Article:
An elaborate and expensive cremation was held for King Bhumibol, who died at the age of 88 in October 2016. A quarter of a million people are believed to have witnessed the funeral ceremonies.
A year of official mourning for Thailand's late King Bhumibol Adulyadej came to end on Sunday following an elaborate five-day cremation ceremony.
Bhumibol's son and heir 65-year-old King Maha Vajiralongkorn and his younger sister, Princess Maha Chakri Sirindhorn, carried their late father's ashes from the Grand Palace to two major temples in Bangkok where they will be stored, in accordance with Thai royal traditions.
Tens of thousands of black-clad mourners paid their last respects to King Bhumibol as the convoy led by a ceremonial cavalry unit with soldiers went past.
On Thursday, day two of the funeral, the ceremonial urn carrying the remains of King Bhumibol Adulyadej, 88, was transported from the throne hall to an ornate crematorium.
The somber procession included thousands of troops, a gold palanquin (a boxlike structure in which a person is carried on the shoulders of servants using poles), a gilded chariot and a royal gun carriage.
Shortly before midnight Thursday, smoke began to rise from the crematorium, indicating that the late king's cremation had taken place.
End of an era
Earlier, organizers unveiled a 164 foot (49 meter) high funeral pyre and pavilion, which took 10 months to build and has been decorated with nine spires, a large white umbrella and statues of the late king's favorite pet dogs. There were six processions before the king's coffin was brought to the crematorium, which was built at Sanam Luang, alongside the royal palace.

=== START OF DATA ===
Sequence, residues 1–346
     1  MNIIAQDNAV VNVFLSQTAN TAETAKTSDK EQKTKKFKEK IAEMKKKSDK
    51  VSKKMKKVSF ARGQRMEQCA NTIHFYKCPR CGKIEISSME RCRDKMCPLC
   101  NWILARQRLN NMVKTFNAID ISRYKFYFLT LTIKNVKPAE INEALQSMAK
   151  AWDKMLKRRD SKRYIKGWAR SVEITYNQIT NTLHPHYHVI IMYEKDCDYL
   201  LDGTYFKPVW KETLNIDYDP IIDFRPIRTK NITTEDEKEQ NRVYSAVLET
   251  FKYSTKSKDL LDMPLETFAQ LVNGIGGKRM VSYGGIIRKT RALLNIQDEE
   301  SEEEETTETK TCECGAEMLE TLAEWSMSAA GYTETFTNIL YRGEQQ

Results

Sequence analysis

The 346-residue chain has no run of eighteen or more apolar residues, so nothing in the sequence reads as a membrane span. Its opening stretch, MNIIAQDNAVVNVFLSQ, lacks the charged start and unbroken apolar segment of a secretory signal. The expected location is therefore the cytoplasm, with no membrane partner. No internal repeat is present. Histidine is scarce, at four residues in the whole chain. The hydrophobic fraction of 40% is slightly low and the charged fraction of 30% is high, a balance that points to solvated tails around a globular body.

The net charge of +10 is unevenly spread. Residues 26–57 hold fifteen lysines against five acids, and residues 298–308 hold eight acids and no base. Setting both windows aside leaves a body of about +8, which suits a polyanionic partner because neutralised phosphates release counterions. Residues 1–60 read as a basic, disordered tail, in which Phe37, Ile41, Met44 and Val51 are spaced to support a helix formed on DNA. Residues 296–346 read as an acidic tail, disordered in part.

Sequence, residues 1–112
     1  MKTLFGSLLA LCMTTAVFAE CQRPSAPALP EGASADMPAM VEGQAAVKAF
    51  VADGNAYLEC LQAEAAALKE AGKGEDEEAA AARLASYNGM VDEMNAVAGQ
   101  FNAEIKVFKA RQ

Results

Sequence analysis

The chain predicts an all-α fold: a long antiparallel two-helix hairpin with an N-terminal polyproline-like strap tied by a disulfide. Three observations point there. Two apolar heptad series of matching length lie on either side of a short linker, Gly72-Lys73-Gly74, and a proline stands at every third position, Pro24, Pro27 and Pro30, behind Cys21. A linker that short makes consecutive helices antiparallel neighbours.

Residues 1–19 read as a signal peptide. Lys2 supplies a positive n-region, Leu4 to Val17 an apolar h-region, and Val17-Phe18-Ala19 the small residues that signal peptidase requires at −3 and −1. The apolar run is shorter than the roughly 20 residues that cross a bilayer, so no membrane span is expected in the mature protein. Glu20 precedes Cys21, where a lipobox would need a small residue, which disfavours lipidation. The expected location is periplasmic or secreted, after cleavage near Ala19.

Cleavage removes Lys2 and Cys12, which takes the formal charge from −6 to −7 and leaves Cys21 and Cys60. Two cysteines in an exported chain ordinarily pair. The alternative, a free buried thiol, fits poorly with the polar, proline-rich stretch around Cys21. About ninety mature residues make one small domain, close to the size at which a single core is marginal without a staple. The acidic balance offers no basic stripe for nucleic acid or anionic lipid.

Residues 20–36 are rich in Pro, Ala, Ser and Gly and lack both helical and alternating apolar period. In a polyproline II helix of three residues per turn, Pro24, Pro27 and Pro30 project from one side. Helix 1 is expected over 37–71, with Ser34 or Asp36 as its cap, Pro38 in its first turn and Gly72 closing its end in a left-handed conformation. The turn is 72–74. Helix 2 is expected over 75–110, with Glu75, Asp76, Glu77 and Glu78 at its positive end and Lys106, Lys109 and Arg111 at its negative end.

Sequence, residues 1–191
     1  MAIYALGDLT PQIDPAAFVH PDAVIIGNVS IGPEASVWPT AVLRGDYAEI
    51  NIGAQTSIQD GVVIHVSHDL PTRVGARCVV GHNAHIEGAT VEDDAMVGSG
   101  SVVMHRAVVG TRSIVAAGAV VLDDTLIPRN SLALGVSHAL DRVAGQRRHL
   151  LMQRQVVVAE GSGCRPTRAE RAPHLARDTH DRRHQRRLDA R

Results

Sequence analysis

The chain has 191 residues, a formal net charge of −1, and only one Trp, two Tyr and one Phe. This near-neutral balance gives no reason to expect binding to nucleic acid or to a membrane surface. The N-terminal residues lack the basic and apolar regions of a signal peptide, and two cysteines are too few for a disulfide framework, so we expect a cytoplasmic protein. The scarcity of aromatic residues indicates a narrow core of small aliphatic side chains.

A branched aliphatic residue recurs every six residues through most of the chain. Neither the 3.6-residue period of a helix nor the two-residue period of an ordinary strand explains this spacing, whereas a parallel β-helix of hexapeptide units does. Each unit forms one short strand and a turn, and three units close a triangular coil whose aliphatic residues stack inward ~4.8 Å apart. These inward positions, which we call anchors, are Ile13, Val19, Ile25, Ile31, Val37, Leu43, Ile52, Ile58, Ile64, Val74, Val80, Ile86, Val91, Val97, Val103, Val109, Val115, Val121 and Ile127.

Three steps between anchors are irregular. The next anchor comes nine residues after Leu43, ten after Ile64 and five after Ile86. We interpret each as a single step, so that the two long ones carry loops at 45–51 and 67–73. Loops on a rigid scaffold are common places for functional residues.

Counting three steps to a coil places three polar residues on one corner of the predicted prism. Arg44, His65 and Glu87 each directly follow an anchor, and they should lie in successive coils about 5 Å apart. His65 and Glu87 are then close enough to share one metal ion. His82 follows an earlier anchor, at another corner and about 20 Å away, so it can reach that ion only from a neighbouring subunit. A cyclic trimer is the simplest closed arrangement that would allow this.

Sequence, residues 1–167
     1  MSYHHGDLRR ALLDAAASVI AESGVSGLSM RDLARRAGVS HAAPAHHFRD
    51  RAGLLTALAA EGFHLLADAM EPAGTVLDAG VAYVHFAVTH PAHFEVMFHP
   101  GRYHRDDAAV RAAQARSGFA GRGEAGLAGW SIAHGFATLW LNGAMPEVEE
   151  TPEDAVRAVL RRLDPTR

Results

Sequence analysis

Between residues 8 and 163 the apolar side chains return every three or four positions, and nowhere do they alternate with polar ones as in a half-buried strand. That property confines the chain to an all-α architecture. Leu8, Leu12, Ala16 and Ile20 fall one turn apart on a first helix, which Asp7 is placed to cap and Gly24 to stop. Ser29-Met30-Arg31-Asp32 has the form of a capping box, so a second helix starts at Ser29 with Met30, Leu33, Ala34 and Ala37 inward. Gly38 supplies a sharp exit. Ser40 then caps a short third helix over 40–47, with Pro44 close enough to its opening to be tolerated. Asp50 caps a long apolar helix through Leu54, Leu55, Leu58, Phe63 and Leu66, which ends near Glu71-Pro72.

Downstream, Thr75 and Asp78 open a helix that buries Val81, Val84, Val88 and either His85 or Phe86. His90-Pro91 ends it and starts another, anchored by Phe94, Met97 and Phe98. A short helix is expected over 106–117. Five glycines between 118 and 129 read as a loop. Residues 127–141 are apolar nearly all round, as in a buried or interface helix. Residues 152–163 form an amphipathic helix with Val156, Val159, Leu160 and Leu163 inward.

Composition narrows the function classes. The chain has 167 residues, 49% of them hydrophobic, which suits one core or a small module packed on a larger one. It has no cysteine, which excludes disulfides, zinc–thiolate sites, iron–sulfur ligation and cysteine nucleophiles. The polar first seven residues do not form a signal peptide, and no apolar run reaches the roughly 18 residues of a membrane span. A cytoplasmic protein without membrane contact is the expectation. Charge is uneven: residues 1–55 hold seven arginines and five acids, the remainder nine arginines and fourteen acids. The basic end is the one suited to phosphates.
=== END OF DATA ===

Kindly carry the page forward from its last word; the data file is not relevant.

On Thursday evening, King Bhumibol's subjects expressed their devotion in central Bangkok as they witnessed what they believed to be the divine monarch's return to the mythical Mount Meru, the spiritual heart of the Buddhist kingdom. More than 10 million sandalwood flowers were folded for the ceremony, as the scent is believed to guide souls to the afterworld.
King Bhumibol was the ninth monarch of the Chakri dynasty established in what was Siam in 1782. Thai monarchs enjoy semi-divine status.
In more than seven decades on the throne, King Bhumibol oversaw Thailand's change to a modern, globalized economy with the monarchy as its central institution. Some 16 royal families and 26 "distinguished representatives" are due to attend the central ceremony in Sanam Luang, including the UK's Prince Andrew, Spain's Queen Sofia and former German president Christian Wulff.
The funeral processions and ceremonies were broadcast on every Thai television channel, many of which adjusted their color schemes to a funereal black and white.
On Friday, the king's ashes were transported to the Grand Palace.
New king to inherit
King Bhumibol's 65-year-old son, King Maha Vajiralongkorn, who lighted the funeral pyre, is expected to be officially coronated after the elaborate $90 million (€77 million) cremation. The last royal funeral was in 1950 for the late king's elder brother.
Criticism of royalty is a serious offense in Thailand and since the country returned to military rule three years ago, the army has presented itself as the foremost guardian of the Thai monarchy. The military government has encouraged people to buy marigolds to express their loyalty to the late monarch who was born on a Monday, a day associated with the color yellow in Thai astrology and tradition.
ap, bik, jm/rc (dpa, Reuters)